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In-between gardening




Hannah Genders advises on garden jobs to tackle in August. 

August is a strange month in the garden – it’s a “between” time where most summer plants have stopped growing and are waiting for autumn to come. Ornamental grasses and annuals are doing a wonderful job in bridging the gap in the flower garden at this time of year.

The Vegetable Garden 

Watering is probably the most obvious thing with your vegetables and regular watering is very important. Beans will still be coming thick and fast, hopefully, and need to be kept as moist as possible.

I always grow my courgettes under the bean plants and these need plenty of water and a regular feed with an organic foliar feed or blood, fish and bone. Pick the courgettes when they are still small and sweet, and you can use the flowers which are wonderful fried in a tempura batter.

I’ve also grown some flowers in the vegetable garden which look wonderful and encourage all the bees and beneficial insects to hang around and pollinate my plants!

The greenhouse will need regular watering and it is vital to water tomatoes about the same amount each day – erratic watering will result in the fruits splitting and although they will still taste good, they look unappetising.

The tomato plants will need regular feeding, which can be done with a watering can and a specialist tomato feed added to the water about once a week.

Tomato plants also need the side shoots removing to encourage the plant to put its energy into the fruit rather than growing leaves. The side shoots grow between the leaf node and the main stem and are easily removed with a finger and thumb.

If the plant has put on lots of leaf growth, I often remove the lower leaves to let the sun get to the ripening fruit. Remember to always clear away your leaves and weeds from the greenhouse floor as any decaying matter encourages disease.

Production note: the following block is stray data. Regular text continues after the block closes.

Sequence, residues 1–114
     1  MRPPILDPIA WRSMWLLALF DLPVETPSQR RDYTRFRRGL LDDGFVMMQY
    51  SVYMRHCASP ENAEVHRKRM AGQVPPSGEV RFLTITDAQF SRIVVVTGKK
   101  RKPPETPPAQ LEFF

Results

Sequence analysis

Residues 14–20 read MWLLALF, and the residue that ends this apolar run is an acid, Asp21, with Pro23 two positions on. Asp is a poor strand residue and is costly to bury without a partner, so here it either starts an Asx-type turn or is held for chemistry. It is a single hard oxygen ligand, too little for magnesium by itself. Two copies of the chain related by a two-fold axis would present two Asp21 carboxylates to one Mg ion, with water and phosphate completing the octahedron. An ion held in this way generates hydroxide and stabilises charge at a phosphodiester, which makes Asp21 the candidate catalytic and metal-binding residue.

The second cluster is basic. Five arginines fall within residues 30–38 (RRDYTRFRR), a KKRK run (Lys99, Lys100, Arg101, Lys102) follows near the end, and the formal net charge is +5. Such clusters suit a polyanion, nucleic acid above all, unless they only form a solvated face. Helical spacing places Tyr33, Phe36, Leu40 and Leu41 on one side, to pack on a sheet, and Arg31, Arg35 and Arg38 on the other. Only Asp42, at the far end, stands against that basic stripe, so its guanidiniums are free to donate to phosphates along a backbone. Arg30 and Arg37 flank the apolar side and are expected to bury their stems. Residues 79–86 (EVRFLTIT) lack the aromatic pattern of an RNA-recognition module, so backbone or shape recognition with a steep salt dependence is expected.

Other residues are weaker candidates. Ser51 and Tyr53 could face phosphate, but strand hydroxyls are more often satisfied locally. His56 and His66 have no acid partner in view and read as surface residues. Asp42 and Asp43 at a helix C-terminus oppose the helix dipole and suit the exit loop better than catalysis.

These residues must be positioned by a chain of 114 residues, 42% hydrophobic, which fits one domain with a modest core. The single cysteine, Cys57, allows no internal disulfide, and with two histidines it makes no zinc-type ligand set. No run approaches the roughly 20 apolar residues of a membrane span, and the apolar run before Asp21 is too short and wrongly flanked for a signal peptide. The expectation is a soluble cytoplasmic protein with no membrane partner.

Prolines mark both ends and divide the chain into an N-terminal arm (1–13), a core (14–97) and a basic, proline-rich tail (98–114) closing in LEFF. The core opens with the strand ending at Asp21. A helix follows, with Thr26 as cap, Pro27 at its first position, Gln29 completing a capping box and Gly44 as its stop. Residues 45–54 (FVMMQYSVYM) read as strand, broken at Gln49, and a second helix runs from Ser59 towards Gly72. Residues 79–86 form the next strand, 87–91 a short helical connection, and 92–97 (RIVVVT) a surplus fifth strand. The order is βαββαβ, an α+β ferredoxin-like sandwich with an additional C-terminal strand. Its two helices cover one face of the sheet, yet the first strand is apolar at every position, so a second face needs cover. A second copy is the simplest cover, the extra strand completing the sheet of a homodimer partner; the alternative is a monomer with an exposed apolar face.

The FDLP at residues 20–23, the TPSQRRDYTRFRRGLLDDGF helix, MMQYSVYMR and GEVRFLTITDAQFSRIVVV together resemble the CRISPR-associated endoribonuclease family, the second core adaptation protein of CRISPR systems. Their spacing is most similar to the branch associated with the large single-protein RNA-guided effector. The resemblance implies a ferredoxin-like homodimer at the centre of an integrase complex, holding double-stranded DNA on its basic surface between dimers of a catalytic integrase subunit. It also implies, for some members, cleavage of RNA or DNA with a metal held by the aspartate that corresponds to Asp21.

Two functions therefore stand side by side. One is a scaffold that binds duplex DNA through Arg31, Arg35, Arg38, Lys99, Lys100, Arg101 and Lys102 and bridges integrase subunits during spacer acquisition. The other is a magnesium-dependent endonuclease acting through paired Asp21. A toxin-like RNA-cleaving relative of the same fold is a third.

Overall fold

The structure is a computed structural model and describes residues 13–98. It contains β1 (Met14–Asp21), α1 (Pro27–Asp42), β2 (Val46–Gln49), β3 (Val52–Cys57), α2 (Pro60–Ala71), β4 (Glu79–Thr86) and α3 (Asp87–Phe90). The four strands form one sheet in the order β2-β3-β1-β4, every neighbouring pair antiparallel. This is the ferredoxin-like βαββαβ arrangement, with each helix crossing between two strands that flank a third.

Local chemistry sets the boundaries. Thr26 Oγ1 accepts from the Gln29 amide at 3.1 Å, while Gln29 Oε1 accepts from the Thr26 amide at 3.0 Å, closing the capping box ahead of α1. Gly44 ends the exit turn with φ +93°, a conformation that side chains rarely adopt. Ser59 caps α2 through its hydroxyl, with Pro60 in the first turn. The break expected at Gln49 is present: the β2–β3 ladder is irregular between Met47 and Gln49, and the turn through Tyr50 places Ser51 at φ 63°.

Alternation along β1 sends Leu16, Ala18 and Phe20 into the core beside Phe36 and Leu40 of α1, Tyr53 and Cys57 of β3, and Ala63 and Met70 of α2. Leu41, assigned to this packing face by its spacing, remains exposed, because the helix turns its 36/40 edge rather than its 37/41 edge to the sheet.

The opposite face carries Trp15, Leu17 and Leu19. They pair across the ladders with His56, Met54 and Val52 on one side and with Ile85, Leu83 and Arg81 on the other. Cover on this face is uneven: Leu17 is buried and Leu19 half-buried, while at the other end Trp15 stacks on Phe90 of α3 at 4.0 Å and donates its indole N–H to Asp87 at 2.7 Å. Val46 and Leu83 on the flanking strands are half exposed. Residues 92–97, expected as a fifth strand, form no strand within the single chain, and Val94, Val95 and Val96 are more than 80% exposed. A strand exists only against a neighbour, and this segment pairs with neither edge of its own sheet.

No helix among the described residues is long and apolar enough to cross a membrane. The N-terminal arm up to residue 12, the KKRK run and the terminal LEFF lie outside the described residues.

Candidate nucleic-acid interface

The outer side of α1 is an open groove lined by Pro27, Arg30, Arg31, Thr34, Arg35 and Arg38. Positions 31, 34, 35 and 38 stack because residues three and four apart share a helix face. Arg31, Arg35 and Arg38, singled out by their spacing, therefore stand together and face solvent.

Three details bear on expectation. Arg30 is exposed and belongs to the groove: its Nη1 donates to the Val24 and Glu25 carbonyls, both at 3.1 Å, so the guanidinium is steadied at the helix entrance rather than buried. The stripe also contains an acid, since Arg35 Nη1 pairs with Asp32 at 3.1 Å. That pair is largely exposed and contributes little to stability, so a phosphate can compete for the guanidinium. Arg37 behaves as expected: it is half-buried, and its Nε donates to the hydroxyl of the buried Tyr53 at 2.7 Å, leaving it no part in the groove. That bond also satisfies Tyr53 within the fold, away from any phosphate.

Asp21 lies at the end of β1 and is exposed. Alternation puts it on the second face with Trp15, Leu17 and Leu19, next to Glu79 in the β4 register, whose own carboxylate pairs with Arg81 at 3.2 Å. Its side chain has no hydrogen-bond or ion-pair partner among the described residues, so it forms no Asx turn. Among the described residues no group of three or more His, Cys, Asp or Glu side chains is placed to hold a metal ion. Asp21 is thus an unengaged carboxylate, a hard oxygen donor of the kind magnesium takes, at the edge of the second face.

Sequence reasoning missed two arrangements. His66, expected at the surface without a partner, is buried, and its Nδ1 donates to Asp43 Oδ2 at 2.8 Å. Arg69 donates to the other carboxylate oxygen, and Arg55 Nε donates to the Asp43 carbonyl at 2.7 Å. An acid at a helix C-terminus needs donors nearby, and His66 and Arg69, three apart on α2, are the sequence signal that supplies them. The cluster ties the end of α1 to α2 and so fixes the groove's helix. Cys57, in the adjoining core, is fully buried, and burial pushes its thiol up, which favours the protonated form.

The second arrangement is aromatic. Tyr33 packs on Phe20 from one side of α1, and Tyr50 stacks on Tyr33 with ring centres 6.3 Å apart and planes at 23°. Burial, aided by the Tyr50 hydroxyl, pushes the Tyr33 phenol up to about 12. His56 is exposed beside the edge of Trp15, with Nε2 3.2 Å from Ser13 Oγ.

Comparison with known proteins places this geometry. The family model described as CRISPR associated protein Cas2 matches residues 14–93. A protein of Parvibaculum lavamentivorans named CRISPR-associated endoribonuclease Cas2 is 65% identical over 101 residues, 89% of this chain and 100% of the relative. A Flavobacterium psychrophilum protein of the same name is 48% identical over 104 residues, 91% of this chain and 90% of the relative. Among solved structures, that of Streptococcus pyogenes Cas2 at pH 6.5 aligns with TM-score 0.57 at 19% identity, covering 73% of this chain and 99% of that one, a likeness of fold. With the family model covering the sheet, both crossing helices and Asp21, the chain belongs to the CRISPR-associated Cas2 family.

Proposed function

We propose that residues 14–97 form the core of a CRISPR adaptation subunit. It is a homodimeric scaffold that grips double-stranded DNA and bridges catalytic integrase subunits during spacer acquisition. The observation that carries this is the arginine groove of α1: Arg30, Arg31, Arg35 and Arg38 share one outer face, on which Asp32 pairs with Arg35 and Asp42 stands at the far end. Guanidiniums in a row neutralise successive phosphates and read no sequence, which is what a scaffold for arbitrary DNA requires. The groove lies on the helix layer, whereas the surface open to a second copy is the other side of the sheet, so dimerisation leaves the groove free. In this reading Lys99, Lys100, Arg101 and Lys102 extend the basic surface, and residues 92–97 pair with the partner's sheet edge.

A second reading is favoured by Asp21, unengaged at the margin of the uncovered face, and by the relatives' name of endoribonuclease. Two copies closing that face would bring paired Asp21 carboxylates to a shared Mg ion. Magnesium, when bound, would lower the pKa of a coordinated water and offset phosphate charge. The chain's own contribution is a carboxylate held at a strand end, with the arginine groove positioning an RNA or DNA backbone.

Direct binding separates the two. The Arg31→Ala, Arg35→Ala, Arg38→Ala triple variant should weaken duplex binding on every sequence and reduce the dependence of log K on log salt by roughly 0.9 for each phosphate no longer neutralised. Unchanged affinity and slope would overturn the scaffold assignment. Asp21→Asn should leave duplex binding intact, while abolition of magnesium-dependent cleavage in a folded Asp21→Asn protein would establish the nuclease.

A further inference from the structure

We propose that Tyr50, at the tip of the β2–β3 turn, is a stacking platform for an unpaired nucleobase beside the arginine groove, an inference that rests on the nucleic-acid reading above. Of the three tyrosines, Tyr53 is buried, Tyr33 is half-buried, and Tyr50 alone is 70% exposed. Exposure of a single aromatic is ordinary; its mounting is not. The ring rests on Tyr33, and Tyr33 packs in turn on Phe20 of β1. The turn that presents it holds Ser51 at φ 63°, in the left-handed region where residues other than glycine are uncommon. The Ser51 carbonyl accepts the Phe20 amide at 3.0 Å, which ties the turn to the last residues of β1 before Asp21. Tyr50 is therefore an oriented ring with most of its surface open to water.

If you have any areas of wildflowers (I have just one area near the pond) now is the time to cut back the flowers that have finished to get them to seed down for next year.

Cut the grasses and wildflower stems back to the ground and leave the cuttings for a few days to let the seeds fall out for next year.

Pruning summer shrubs

Large shrubs like Philadelphus, Spirea and Weigela have now finished flowering and benefit greatly from a summer prune. August is the ideal month to do this, and the result is a neater shrub and better flowers next year.

All these shrubs flower on the new wood, so the pruning technique is to trim back the old branches that have just flowered to the new growth (which will be flowering next year).

If the plant has become leggy and too tall, cut back to the lowest branch of new growth. Using sharp secateurs, trim to just above the growth point of the new branch.

If there are some very old branches that overcrowd the shrub, these can be removed to ground level to tidy up the plant, but only remove up to one third of the shrub in total, and it’s a good idea to keep standing back and checking the overall shape.

Once you have finished the pruning the shrub should be reduced in height, less congested and will flower well next year.

Climbers that have finished flowering can also have a trim at this time of year; rambling roses often put on a lot of growth after flowering and throw out long stems that need a trim back, while wisteria is also a climber that needs an August prune – trim back the long, new stems so the plant keeps a tidy habit.

At the end of this month or the start of September, trim back your lavender; mine has done amazingly well this year and is full of flower. Once these have faded, trim back the plant to where the flower meets the main leaves.

Never cut into the old wood as this will kill the plant. Use the lavender for drying and scenting drawers and wardrobes!


An obvious one really, as August is one of our driest months. Try using rainwater as much as possible when watering the garden and pots, as it’s much more sustainable and has fewer chemicals than tap water.

We uncovered our well here last summer, so I am managing to use much less water in the whole garden. I think the well is around four hundred years old and still working!


We spend all year in our garden doing jobs, so this is the month to sit and relax. My friend Kaaren is up from London and has spent most of her time relaxing in my garden!

We forget, living in a village, how fortunate we are to have green space, so get out there and enjoy it.

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